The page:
Tuesday, November 21, 2017

Wanted: bilingual indigenous female western judge for Supreme Court duties

With the imminent retirement of the Chief Justice of the Supreme Court of Canada, Beverley McLachlin, Prime Minister Justin Trudeau has two big decision to make by December 15th, decisions that will affect the administration of justice in this country for years to come. He needs to appoint a new judge to replace Justice McLachlin on the 9-person top court, and he also need to appoint someone to take over her role as Chief Justice.
Trudeau doesn't necessarily need to steer the court in a "liberal direction" - even Stephen Harper's appointees were relatively liberal in their outlook (as he found to his own chagrin), and Canadian judges tend to be much less political than American ones. But the Prime Minister is hamstrung and constrained by decades of precedent, tradition and convention.
Traditionally, the court has to have three members from Quebec, three from Ontario, one from Atlantic Canada and two from the West (of which one should really be from British Columbia). Note that this is just a tradition, not a legal requirement, presumably roughly based on populations at the date of confederation. If it were to be based on the relative provincial populations today, the regional representation would be more like: four from Ontario, two from Quebec, one from British Columbia, one from Alberta, and half each from the prairie provinces and the Atlantic provinces (meaning, presumably, an alternating arrangement). But Mr. Trudeau tampers with tradition at his own political risk, and he is under a lot of pressure to appoint a Westerner, preferably from British Columbia (which is where the retiring Ms. McLachlin is from). Added to that, the appointee should be female, to maintain the approximate gender balance of the court (four women and five men), and she should be functionally bilingual or at least fluent in French, because Canada has two official languages. You can see that the pool of eligible candidates is already starting to look smaller and smaller.
Then there is also pressure to appoint an indigenous judge, something Canada has never seen, and that really dries up the pool. There is no convention that dictates this pressure, but Mr. Trudeau clearly sees himself as a champion of indigenous rights, and this would be a perfect opportunity to earn some serious Brownie points on the issue. Highly qualified indigenous candidates, though, are few and far between. Two or three possible names have been put forward: John Borrows, who is a member of Ontario's Chippewa First Nation, although he has lived and worked in BC for some years (he has spent the last year learning French on a sabbatical in Quebec, but is definitely not bilingual, and definitely not female); Mary Ellen Turpel-Lafond, who comes from the Muskeg Lake Cree Nation in Saskatchewan, but has worked in BC for the last ten years, although not as a practising judge but as a Representative for Children and Youth (she is bilingual, and is definitely female); and Todd Ducharme, who is a M├ętis Ontario Superior Court justice, but has worked in all three Territories, and who is considered an outsider in the race.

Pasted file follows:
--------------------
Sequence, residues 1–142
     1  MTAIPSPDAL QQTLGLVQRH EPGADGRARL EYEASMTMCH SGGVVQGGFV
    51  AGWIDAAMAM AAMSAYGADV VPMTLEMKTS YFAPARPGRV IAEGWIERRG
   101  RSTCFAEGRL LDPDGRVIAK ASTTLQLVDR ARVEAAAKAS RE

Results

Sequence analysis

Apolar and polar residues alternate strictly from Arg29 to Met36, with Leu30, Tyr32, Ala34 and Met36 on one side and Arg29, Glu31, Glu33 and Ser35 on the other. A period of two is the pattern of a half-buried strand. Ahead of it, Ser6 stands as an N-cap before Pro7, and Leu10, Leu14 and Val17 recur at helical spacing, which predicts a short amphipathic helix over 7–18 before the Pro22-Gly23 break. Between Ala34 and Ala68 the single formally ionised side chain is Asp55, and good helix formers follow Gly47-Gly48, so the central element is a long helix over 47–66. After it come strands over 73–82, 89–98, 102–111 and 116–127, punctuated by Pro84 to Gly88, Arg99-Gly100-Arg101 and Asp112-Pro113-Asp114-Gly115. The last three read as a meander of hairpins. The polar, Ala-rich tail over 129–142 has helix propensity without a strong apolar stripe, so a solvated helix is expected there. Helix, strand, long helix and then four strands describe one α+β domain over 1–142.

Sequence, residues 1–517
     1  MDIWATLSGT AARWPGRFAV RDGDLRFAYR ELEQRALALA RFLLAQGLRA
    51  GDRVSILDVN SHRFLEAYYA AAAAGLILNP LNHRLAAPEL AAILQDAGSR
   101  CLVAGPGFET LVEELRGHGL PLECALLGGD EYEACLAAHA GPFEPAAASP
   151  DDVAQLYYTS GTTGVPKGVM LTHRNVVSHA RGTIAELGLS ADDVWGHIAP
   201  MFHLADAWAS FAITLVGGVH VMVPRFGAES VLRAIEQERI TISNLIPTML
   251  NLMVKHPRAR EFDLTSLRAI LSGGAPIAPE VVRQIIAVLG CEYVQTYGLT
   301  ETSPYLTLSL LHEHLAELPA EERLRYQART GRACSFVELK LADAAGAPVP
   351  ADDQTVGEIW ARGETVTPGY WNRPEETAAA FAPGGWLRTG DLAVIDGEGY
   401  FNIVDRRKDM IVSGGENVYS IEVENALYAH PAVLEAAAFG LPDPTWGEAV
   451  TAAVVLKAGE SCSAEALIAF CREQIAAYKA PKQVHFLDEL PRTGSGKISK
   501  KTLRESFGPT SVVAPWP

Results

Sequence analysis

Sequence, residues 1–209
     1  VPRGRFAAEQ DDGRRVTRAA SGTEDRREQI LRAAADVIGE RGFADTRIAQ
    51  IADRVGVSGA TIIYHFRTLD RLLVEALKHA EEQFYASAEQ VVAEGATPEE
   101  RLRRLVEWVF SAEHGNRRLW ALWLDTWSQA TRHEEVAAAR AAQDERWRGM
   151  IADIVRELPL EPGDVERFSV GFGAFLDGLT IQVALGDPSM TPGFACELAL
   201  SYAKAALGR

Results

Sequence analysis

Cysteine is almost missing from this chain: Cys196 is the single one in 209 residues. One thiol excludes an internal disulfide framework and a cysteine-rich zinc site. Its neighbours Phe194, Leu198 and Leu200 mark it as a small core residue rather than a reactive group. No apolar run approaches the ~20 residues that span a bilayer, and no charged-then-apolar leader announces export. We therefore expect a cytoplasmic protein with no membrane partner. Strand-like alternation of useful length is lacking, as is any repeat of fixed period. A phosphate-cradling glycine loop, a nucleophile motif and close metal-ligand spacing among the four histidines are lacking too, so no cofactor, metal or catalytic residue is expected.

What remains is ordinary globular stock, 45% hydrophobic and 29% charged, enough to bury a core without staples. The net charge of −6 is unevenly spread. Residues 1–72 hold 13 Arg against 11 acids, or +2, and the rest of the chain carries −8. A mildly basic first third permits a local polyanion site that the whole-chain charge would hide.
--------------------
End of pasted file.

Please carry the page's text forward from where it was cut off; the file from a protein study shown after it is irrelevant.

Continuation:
None of the candidates tick all of the boxes, so somebody somewhere is going to have their nose put out of joint, and there will be complaints from some quarters whatever Mr. Trudeau decides.
As for appointing a new Chief Justice, these are usually chosen from the remaining sitting justice of the Court, but again convention comes in to play: Chief Justices almost always alternate between a judge from Quebec and one from the rest of the country. So, in theory, it should be a Quebecker this time, although the Prime Minister's father Pierre Trudeau did dare to make an exception to that rule some thirty-odd years ago. Ms. McLachlin is well-loved and respected, and is going to be a hard act to follow for anyone.
Tricky decisions, and Mr. Trudeau cannot fail but offend someone somewhere. And almost nowhere in these considerations does the requirement for the best and most experienced candidate appear. Convention and tradition appears to trump all.

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